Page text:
Kodak Electron Image Film

Discussion in 'Alternative Processes' started by holmburgers, Apr 30, 2010.

  1. holmburgers

    holmburgers Member

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    So I often peruse the 'specialty films' section and I've always wondered about this film.

    http://www.bhphotovideo.com/c/produ...0100_Electron_Image_Film_SO_163.html#features

    I know what it's supposed to do, but I was wondering if it had any ALT-potential? Since it's designed to pick up electrons, is it sensitive to light? And if so, how so....

    Wouldn't it reason that the resolution would be astronomical?

    Curious indeed. Just something to ponder.
     
  2. sv@diycamerakit.com

    sv@diycamerakit.com Member

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  3. holmburgers

    holmburgers Member

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    Interesting..... so indeed it can be used as such. Thanks for the link!
     
  4. SMBooth

    SMBooth Member

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    Holmburgers, Ive just been given a box of this film and was told to rate it a ISO6. Because it's 4 x 3 1/4 I was going to load it sideways in my 4x5 filmholders to try it out.
     
  5. Sparky

    Sparky Member

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    i wonder if it's related to panatomic-x...
     
  6. holmburgers

    holmburgers Member

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    Awesome! Please let us know how it turns out, and maybe post some examples??

    It might be the slowest speed LF film available today, in a roundabout kind of way.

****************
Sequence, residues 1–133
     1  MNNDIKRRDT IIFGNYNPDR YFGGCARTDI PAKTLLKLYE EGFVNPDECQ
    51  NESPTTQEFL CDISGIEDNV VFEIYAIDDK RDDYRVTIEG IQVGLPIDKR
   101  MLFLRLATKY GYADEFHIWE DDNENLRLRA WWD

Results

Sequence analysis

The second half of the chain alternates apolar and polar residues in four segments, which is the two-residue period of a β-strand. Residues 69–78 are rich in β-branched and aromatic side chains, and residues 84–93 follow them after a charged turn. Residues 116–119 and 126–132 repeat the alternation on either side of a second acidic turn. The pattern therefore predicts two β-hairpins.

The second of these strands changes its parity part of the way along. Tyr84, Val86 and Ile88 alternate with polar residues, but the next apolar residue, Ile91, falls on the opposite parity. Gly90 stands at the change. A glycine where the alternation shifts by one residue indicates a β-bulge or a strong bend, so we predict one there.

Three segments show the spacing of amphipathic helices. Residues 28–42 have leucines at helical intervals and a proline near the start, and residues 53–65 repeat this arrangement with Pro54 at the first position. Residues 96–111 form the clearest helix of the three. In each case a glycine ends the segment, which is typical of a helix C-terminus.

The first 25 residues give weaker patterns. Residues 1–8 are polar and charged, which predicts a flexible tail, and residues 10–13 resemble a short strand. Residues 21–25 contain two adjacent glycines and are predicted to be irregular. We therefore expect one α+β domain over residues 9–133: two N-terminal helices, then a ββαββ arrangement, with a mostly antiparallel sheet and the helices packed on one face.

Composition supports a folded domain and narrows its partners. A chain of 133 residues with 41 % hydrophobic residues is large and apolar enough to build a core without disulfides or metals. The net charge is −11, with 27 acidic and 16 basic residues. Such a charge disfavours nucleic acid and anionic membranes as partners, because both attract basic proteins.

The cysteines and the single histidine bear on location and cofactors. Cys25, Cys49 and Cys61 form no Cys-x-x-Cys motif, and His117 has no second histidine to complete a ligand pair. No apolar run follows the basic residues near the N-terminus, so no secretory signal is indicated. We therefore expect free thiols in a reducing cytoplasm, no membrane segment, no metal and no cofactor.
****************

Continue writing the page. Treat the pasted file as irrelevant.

7. jakyamuni

    jakyamuni Member

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    It's extremely fine-grained, but it's also orthochormatic... and can be used safely under a dim orange (type OC) safelight. At the EM lab at my university, we soup it for 4 minutes in D-19; I do the same when I shoot it in my Graphic. Examples here.
     
  8. jcoldslabs

    jcoldslabs Member

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    I just bought a bunch of boxes of this stuff in the 3.25" x 4" size, labeled "Kodak Electron Imaging Film SO-163," and tried my first test sheet today. It does, in fact, slide into a 4x5 holder in the 4" dimension just fine. Keeping it centered is another problem, though.

    I rated it at EI 12 and developed it in HC-110 dil. B for five minutes in a rotary drum. The base of the tree was spot metered and placed on Zone III, but in the negative (and the scan) it looks more like Zone IV, so next time I will rate the film at EI 25. It could use a bit less development or a higher dilution to tame the contrast, and, being blue sensitive, the skies blew out completely. Close inspection of the scan shows almost zero visible grain. I have some old 3 1/4" x 4 1/4" film holders that I'm going to try using it with next.

    For the record, the packaging states that the film can be handled under Wratten #1 or Kodak GBX-2 safelights (deep red).


    [​IMG]

    Jonathan